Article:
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The global economic crisis triggered by the COVID-19 pandemic has hit Indonesia. Indonesia’s economic growth is projected to fall to zero percent in 2020, as weary consumers and mobility restrictions imposed to curb the spread of the virus have led to a

freeze in tourism, low commodity prices, and empty shops and restaurants. Recovery will be gradual, and real GDP growth is projected to reach 4.8 percent in 2021, only bouncing back to 6.0 percent in 2022, according to the World Bank’s July 2020 Indonesia Economic Prospects report, released today.

The impact on livelihoods has also been severe, with most Indonesians experiencing income losses. Without a significant expansion of social assistance, as many as 5.5 million Indonesians could have been pushed into poverty because of the Covid-19 shock.

To respond to the crisis, the Indonesian Government has announced a fiscal package amounting to 4.3 percent of GDP. The package includes funds to improve the preparedness of the health sector and a substantial increase in social assistance.  If fully disbursed and well-targeted, the stimulus package could go a long way to mitigate the impact of the pandemic on poverty, according to the report.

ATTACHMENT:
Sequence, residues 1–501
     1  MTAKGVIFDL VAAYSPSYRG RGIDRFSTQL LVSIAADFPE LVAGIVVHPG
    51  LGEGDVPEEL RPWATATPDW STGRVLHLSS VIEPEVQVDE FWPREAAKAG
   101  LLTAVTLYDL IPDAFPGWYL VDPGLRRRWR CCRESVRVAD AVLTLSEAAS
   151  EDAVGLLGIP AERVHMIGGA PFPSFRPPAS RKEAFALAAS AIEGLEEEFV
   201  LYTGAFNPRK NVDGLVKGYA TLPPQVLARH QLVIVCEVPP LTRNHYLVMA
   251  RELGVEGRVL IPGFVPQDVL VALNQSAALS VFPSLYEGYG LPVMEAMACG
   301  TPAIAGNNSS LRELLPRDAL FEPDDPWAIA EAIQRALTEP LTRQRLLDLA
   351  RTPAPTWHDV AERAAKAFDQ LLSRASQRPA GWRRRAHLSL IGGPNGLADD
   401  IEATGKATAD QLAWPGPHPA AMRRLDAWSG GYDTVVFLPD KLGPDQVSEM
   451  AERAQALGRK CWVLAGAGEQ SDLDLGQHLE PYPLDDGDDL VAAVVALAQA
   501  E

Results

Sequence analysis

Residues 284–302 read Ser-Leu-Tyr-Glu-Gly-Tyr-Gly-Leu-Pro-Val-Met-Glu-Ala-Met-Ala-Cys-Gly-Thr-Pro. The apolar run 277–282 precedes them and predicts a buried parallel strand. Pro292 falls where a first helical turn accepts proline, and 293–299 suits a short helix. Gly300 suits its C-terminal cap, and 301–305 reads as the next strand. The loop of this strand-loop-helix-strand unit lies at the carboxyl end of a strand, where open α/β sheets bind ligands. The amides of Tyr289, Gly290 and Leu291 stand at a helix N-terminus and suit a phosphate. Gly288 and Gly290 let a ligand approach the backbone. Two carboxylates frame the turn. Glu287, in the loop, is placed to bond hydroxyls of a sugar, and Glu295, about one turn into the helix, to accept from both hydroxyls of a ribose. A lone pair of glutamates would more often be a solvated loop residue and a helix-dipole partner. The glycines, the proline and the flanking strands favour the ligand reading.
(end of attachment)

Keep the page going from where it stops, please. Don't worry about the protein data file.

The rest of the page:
“We welcome the robust response of the Government of Indonesia to mitigate the impacts of this unprecedented crisis. It is essential that the package is now effectively implemented to have the fullest impact on the people and the economy,” said Satu Kahkonen, World Bank Country Director for Indonesia and Timor-Leste. “We are also encouraged that the Government is keen to turn this crisis into an opportunity by advancing important reforms to boost competitiveness, which will lay a strong foundation for a more robust recovery.” 

This July 2020 edition of the Indonesia Economic Prospects report also outlines strategies to help the country build back better from the crisis, including by building on the expansion of the pandemic-driven expansion of social protection coverage and closing newly identified gaps in the system, and accelerating the delivery of universal health care for all.

“To effectively curb the impact of the pandemic, the government’s decision to shift spending priorities and increase the budget deficit was absolutely necessary,” saidFrederico Gil Sander, World Bank Lead Economist for Indonesia. “Going forward, higher spending on health, social protection and infrastructure will still be needed, which makes tax reforms to raise fiscal revenues of paramount importance to flatten the debt curve and maintain Indonesia’s strong macroeconomic framework.”

The Indonesia Economic Prospects report is supported by the Australian Department of Foreign Affairs and Trade.